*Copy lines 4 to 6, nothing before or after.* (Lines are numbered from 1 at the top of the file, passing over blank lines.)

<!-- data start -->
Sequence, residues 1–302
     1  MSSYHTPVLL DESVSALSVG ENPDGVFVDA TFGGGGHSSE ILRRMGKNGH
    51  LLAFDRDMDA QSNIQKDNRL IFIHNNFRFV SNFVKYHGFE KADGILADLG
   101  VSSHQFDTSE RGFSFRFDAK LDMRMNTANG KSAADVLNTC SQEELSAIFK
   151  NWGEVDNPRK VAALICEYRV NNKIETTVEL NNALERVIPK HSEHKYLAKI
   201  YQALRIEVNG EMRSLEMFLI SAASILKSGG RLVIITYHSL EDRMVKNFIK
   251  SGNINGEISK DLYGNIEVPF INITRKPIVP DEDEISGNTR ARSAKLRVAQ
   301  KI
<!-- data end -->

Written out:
   101  VSSHQFDTSE RGFSFRFDAK LDMRMNTANG KSAADVLNTC SQEELSAIFK
   151  NWGEVDNPRK VAALICEYRV NNKIETTVEL NNALERVIPK HSEHKYLAKI
   201  YQALRIEVNG EMRSLEMFLI SAASILKSGG RLVIITYHSL EDRMVKNFIK